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Tag: Arctic

Lead trapped in Arctic ice reveals economic impact of wars, plagues

Lead trapped in Arctic ice reveals economic impact of wars, plagues

Science
July 10 (UPI) -- Today, economists use a wide variety of sophisticated tools to measure economic output. But how does one measure economic activity that happened 1,000 years ago? One way is measure changes in lead pollution levels trapped in ancient ice. Using Arctic ice cores, an international team of researchers successfully retraced the economic ups and down of the last 1,500 years. The findings, published this week in the journal Proceedings of the National Academy of Sciences, revealed the the economic impacts of wars and plagues. "We all were surprised at how similarly lead pollution varied across this half of the Arctic and how closely those variations coincided with known historical events," Joe McConnell, director of DRI's Ultra-Trace Ice Core Chemistry Laboratory at the Desert ...
As planet warms, Arctic lakes, rivers will lose their biodiversity

As planet warms, Arctic lakes, rivers will lose their biodiversity

Science
May 22 (UPI) -- As Earth's temperatures continue to rise, freshwater ecosystems in the Arctic are becoming unusually warm -- too warm for many native species. According to a report, the trend could cause regional extinctions, resulting in a tremendous loss of biodiversity in Arctic lakes and rivers. The recently published Arctic Freshwater Biodiversity Report, a product of the Circumpolar Biodiversity Monitoring Program, CBMP, suggests Arctic species are running out of Arctic habitat. "The findings of the report are alarming. Global warming is reducing the area of the region that can be considered as Arctic," Danny Chun Pong Lau, an ecologist at UmeƄ University in Sweden, said in a news release. "The consequence is that southern species move northwards and cold tolerant species face poss
Thawing permafrost leaves traceable carbon footprint in Arctic rivers

Thawing permafrost leaves traceable carbon footprint in Arctic rivers

Science
May 7 (UPI) -- Researchers have found a way to measure the carbon released into Arctic rivers by thawing permafrost. Carbon is everywhere. It is also often on the move. But some carbon sources are sneakier than others. To better understand the planet's carbon budget and its influence on climate change, scientists must develop ways to more accurately track some of this sneaky carbon. When permafrost thaws, ancient carbon, sometimes frozen for hundreds of thousands of years, is freed up. As the planet continues to warm, more and more of this frozen carbon is escaping. But measuring this climate-carbon feedback is difficult. To better track the phenomena, scientists at Stockholm University decided to measure the radiocarbon signal of runaway carbon in large rivers. "Rivers transport carbon ...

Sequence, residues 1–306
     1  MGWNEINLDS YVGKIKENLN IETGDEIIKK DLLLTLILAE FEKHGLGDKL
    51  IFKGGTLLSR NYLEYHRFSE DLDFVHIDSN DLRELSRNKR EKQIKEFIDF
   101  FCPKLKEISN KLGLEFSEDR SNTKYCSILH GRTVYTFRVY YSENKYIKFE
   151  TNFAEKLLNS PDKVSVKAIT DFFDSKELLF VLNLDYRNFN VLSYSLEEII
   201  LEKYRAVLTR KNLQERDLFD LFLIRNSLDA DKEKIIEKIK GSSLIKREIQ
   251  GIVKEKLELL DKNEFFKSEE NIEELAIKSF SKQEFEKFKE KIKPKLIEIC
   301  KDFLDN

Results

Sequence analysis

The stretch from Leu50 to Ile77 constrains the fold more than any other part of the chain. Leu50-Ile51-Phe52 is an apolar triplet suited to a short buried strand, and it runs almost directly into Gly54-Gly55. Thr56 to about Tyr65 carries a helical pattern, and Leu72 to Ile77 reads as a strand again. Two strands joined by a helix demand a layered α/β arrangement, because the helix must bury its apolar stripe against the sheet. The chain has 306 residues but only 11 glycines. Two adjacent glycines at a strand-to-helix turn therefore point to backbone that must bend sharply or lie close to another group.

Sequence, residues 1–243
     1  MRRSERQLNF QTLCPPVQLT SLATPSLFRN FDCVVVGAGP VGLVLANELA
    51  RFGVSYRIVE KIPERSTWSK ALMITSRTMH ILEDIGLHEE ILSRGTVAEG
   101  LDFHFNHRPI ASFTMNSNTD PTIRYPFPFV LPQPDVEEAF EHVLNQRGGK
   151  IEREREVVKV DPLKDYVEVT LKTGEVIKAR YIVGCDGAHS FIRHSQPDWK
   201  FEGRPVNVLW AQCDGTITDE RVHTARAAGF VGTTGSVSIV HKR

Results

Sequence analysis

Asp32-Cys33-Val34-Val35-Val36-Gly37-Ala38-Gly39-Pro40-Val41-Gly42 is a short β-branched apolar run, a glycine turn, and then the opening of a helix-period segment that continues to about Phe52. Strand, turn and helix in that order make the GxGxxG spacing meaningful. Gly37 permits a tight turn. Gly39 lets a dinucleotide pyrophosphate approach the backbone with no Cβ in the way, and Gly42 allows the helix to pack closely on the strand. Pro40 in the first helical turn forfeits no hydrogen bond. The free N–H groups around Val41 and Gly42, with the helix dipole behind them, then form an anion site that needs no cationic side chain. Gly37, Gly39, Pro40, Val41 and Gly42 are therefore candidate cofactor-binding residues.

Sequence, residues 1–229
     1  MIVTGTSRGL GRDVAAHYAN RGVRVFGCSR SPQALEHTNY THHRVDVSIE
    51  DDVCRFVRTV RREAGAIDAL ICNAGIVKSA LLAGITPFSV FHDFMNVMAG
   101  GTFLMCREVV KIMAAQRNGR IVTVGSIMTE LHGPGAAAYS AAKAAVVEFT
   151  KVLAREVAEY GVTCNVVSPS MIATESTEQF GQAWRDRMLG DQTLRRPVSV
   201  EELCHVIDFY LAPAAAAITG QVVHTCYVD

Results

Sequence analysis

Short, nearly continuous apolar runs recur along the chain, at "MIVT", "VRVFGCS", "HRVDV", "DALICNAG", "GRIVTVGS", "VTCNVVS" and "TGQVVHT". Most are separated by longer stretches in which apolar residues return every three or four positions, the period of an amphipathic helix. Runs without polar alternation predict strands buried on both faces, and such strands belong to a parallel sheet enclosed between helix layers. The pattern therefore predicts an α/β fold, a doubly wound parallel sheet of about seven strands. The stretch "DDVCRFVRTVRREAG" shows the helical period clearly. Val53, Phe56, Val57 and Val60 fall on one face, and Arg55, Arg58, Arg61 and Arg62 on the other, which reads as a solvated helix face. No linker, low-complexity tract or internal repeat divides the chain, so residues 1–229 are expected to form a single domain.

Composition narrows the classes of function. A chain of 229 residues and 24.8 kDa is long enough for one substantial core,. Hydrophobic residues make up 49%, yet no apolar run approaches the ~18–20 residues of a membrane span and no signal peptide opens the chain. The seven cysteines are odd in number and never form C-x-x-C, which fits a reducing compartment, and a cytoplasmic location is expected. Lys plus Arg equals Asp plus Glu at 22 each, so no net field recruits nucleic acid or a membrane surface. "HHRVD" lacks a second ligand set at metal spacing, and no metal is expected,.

Researchers find the source of black carbon in the Arctic

Researchers find the source of black carbon in the Arctic

Science
Feb. 15 (UPI) -- When black carbon coats the surface of snow and ice in the Arctic, it reduces the surface's reflectivity, causing the snow and ice to absorb more of the sun's energy, amplifying melt rates and accelerating global warming. Now, scientists have an accurate picture of where most of the Arctic's black carbon comes from. The soot that falls as black carbon is produced by wildfires, diesel engines, kilns and wood burning stoves. To better understand where the region's black carbon deposits originate from, scientists conducted a chemical analysis of soot samples from across the Arctic. By measuring the isotopic ratios in the black carbon samples, researchers can determine during which season it was deposited and where it came from. "The significance of studying atmospheric poll...
Wintertime ice growth in the Arctic is accelerating, slowing historic decline

Wintertime ice growth in the Arctic is accelerating, slowing historic decline

Science
Dec. 6 (UPI) -- Sea ice coverage in the Arctic has been on a precipitous decline over the last few decades, but new research from NASA suggests an increase in wintertime ice growth could help slow the trend -- but only momentarily. Despite the study's surprising revelation, scientists say the longterm prognosis for the ice caps remains poor. "This increase in the amount of sea ice growing in winter doesn't overcome the large increase in melting we've observed in recent decades," Alek Petty, a sea ice scientist at NASA's Goddard Space Flight Center, said in a news release. "Overall, thickness is decreasing. Arctic sea ice is still very much in decline across all seasons and is projected to continue its decline over the coming decades." Petty is the lead author of the new study of wintertim...